This guide will explain how to install and setup Docker and Portainer. Docker is a tool designed to make it easier to create, deploy, and run applications by using containers. Containers are isolated from each other and offers increased security. Portainer is a web-based GUI which allows you to manage Docker in the browser.


Pre-requisites

In order to follow this guide you will need:
A VPS running Debian or Ubuntu. In this example, I will be using Debian 10 but as Ubuntu is based on Debian, the commands will be the same.


Installing Docker

I’m going to assume you are already SSHed into your machine.

First things first let’s get our system up to date. Running the command below will update all the Linux packages on your machine and the Linux kernel.

# Update our VPS
sudo apt update && sudo apt upgrade -y

Now lets uninstall any old versions of Docker that may already be installed on the system.

# Uninstall the old version of Docker (if there is any)
sudo apt-get remove docker docker-engine docker.io containerd runc

sudo apt-get remove docker docker-engine docker.io containerd runc

It’s ok if apt-get reports that none of these packages are installed.

Next we need to setup the repository that Docker will be installed from. Run these command to do this.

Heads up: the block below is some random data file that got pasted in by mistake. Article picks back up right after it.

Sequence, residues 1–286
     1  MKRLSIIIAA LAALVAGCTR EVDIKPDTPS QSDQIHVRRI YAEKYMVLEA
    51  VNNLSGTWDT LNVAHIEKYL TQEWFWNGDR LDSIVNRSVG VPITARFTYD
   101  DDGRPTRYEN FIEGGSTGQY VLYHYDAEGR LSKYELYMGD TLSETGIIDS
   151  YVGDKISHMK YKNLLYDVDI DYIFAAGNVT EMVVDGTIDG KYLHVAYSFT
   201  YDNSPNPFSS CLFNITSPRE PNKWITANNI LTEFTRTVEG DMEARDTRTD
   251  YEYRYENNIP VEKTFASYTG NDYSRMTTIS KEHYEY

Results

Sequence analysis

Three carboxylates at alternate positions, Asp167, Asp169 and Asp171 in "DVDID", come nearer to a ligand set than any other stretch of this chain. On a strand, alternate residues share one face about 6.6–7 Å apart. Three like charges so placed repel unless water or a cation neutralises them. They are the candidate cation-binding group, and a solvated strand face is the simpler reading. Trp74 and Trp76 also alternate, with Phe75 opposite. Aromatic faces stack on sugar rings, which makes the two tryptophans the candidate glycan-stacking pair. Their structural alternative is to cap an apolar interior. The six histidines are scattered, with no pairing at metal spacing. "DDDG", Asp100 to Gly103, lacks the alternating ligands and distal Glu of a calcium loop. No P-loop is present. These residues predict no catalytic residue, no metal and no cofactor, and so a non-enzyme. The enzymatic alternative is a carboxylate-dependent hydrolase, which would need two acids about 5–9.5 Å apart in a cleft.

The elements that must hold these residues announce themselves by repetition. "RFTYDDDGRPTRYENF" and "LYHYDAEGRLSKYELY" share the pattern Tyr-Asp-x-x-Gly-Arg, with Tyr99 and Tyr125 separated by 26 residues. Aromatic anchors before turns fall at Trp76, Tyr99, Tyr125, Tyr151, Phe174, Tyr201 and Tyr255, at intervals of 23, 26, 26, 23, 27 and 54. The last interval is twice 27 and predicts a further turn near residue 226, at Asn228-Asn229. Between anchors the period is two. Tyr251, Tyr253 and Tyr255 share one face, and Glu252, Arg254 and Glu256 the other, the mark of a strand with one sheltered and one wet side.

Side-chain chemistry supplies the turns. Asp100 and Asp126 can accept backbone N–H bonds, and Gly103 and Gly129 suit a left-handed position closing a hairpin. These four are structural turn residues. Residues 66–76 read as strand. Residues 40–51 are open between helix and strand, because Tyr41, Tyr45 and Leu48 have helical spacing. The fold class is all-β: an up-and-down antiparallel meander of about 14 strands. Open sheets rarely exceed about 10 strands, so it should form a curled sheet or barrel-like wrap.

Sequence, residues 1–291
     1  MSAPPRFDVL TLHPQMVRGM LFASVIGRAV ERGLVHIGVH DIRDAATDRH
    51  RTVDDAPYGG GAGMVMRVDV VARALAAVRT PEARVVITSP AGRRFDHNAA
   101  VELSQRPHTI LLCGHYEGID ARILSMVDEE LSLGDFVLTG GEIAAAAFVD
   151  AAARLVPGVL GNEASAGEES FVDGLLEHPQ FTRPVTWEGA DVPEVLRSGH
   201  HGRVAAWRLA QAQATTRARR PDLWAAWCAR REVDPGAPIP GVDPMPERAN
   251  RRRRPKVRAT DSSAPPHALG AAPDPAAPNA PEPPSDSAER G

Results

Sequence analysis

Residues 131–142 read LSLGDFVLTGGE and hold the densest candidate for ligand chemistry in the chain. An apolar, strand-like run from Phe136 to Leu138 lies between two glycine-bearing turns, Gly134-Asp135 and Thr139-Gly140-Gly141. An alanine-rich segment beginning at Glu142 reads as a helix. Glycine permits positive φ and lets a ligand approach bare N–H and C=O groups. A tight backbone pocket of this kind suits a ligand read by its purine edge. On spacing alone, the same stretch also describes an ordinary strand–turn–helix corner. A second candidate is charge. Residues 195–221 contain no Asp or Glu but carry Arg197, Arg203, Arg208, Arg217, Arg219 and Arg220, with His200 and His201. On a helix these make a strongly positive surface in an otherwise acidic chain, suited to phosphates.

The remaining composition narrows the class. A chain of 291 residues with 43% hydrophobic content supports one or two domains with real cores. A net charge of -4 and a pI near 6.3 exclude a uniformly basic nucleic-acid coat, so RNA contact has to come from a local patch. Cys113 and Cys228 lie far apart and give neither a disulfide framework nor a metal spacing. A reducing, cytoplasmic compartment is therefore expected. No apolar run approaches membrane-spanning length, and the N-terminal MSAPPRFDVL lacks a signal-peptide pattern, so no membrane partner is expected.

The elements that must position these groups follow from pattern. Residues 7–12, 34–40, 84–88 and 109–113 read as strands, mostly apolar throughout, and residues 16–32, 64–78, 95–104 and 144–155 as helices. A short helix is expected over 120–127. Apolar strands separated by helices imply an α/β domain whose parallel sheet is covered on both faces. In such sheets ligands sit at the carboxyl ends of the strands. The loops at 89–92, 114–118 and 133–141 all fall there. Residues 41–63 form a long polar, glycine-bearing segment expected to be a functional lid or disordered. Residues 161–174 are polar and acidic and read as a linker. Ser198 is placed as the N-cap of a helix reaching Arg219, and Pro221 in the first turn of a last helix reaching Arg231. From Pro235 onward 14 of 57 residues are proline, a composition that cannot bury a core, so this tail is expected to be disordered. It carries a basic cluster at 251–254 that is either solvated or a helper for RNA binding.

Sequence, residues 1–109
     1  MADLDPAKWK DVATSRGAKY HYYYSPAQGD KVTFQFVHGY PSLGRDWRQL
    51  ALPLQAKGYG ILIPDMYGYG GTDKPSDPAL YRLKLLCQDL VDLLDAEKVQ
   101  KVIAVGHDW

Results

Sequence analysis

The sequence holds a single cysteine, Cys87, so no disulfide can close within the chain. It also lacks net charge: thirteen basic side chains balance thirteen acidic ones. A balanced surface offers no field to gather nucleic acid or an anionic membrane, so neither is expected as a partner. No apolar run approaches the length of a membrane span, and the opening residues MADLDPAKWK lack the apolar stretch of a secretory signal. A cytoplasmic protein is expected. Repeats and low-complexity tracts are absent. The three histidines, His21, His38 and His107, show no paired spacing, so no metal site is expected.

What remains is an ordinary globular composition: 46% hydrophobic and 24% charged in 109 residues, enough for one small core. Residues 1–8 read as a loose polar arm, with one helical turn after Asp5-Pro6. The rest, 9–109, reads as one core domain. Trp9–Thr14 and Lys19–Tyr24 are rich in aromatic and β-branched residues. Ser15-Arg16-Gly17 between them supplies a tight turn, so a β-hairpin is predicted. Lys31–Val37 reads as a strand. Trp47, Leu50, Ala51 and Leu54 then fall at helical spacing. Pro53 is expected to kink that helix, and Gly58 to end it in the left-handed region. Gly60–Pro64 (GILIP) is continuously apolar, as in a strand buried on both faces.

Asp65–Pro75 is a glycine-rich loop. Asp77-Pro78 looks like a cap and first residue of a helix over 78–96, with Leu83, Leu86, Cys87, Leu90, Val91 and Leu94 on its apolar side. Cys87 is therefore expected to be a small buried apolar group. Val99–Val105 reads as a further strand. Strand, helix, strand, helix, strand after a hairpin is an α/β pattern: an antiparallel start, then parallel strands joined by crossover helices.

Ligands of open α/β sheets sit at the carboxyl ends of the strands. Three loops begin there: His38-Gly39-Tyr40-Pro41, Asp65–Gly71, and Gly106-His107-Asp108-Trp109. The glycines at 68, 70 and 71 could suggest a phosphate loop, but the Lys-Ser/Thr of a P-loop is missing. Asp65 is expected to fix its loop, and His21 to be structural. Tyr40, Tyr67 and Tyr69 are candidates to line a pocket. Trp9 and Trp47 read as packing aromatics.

# Setup the repository that Docker will be installed from
sudo apt-get install -y \ apt-transport \ ca-certificated \ curl \ gnupg-agent \ software-properties-common
curl -fsSL https://download.docker.com/linux/debian/gpg | sudo apt-key add
sudo add-apt-repository \"deb [arch=amd64] https://download.docker.com/linux/debian \$(lsb_release -cs) \stable"

Now its time to install Docker. Run these two commands to install Docker.

sudo apt-get update
sudo apt-get install -y docker-ce docker-ce-cli containerd.io

To test that Docker was installed correctly, lets start a Docker container to test it.

sudo docker run hello-world

If all is well, it should output something like this:


Installing Docker Compose

Compose is a tool for defining and running multi-container Docker applications. With Compose, you use a YAML file to configure your application’s services. Then, with a single command, you create and start all the services from your configuration. It is a very useful tool and requires just 3 commands to install it.


Run this command to download the current stable release of Docker Compose:

sudo curl -L "https://github.com/docker/compose/releases/download/1.28.2/docker-compose-$(uname -s)-$(uname -m)" -o /usr/local/bin/docker-compose

Apply executable permissions to the installation binary:

sudo chmod +x /usr/local/bin/docker-compose

Run this command to test that Compose is installed correctly:

docker-compose --version

It should output something like this:


Installing Portainer

Portainer allows you to create and manage your Docker containers and images in a easy to use GUI. If you would prefer to just manage Docker through the command line, you can skip this section.

Firstly, we need to ‘pull’ the Docker image that is needed to create the Portainer Docker container.

sudo docker pull portainer/portainer